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The New Grazing 

A fancy restaurant morphs into a place where you can order some food with your cocktails

Wednesday, Dec 26 2007
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A recent piece by ex-San Franciscan Kim Severson in The New York Times, "Is the Entrée Heading for Extinction?," deliberately overstated its case in its first line: "The entrée, long the undisputed centerpiece of an American restaurant, is dead."

Having gotten your attention, Severson's declaration was immediately modified in the second sentence: "Okay, so maybe it's not quite time to write the entrée's obituary. But in many major dining cities like New York, San Francisco and Chicago, the main course is under attack." We're well aware of the change in San Francisco dining habits, having added a new Tapas/Small Plates section to our online dining guide when it seemed that all new restaurants had at the very least a section of their menu called "small plates."

Apparently people are shocked, shocked to find out that, after years of eating mezze, tapas, sushi, and dim sum, people are bored by the idea of eating (or "committing to," as the Times piece has it) a big, protein-heavy entrée. But we've been down this path before. In the 1980s it was popular to call this kind of small-plates eating "grazing." Gael Greene wrote in New York magazine in 1985, "Yuppies do not eat. They socialize, they network, they graze or troll. Tapas at a bar or a pizza to share is perfect grazing fodder."

I tend to agree with Jean-Georges Vongerichten, who stated with devastating honesty in the Times article, "It's easier for me to please you with three or four bites," something I call the Thomas Keller effect. As much as I admire Keller's food, you don't have enough time to get tired of a dish if it disappears so quickly — especially if several people are trying to get their forks in.

A subspecies of the snacky menu place is what I'm happy people no longer seem to be calling a "gastropub" — my feeling is you can only have gastropubs where you actually have pubs — but is really a bar where you can get some food. I've been to the lovely Wood Tavern on College in Oakland, self-proclaimed gastropub. People, it's a restaurant; a nice, noisy restaurant with a bar. But I don't think the Wood Tavern people would be at all happy if you came in at 5:30 p.m. and attempted to settle in at the corner table with a pint. Three of us grazed on a shared charcuterie plate, followed by a pork-belly starter, a main course of braised pork shoulder, a burger, a side of brussels sprouts, and a lovely quivering panna cotta set atop crushed pistachios.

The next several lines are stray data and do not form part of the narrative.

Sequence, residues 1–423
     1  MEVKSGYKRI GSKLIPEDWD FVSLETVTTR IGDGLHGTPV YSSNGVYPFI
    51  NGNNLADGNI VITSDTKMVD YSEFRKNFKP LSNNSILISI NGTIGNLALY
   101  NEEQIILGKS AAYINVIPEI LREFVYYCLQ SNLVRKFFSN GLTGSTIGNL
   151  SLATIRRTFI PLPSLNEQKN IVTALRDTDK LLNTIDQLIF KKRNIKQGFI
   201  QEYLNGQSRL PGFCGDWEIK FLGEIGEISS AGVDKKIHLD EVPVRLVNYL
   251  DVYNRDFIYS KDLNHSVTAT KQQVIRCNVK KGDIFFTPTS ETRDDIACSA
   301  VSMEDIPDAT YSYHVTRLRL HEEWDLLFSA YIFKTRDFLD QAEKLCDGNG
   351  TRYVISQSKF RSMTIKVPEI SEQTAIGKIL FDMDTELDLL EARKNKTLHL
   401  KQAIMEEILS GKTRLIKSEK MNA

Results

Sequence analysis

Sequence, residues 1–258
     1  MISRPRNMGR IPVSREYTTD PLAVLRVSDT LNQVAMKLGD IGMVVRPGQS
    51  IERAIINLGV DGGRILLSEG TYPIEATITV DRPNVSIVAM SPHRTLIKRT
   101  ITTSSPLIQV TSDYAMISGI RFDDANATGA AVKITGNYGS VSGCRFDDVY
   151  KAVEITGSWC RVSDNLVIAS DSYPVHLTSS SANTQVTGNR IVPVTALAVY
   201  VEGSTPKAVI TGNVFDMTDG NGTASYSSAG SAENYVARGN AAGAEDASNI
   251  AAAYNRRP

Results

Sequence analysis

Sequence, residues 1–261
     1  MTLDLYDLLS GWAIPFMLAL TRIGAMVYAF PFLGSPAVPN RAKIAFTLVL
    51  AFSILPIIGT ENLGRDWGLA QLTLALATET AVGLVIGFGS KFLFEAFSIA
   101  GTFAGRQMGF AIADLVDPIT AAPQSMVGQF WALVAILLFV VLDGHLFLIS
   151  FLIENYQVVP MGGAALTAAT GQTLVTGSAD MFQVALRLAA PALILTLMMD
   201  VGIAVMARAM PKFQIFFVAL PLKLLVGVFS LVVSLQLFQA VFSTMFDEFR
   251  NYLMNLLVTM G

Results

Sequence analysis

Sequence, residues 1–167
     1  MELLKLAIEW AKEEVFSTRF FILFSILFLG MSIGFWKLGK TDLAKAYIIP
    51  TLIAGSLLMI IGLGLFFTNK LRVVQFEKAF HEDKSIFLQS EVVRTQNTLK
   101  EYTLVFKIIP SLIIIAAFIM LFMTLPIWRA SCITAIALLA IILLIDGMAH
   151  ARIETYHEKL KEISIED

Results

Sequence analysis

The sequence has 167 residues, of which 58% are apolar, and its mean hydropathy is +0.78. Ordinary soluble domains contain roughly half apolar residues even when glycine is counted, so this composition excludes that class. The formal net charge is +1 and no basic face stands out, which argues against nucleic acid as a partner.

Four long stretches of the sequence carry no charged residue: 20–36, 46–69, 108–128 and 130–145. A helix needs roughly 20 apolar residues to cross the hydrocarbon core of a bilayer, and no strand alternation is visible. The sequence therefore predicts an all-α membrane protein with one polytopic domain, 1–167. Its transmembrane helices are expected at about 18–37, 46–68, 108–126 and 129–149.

At the new Bar Johnny, there's a subtitle on the cover of the small menu that sets you straight: "Drink kitchen." What is now Bar Johnny was once the considerably posher Tablespoon. The same chef, Roland Robles, is manning the stoves, but the decor has changed, replacing the rows of tight-linen-topped tables with a high leather banquette facing the bar and a row of narrow marble tables. There are huge, striking drum-shaped lights hanging over the bar, partially obscuring your view of an abstract street-scene mural. A couple of normal-height tables are set in the big window on Polk.

The two-page menu is divided into four sections: Bites, Salads, More, and Sweets. There are about 30 dishes, all told, but as you look more closely, the numbers seem to fall: the bites really are just bites. There are smoked habañero potato chips, a plate of olives, and housemade pretzels. You can get one cheese, or three cheeses. When I was last at Tablespoon, entrées topped out at about $20; at Bar Johnny, the top tariff is $16 for tuna or flatiron steak, and most of the plates run from $2.50 to $11.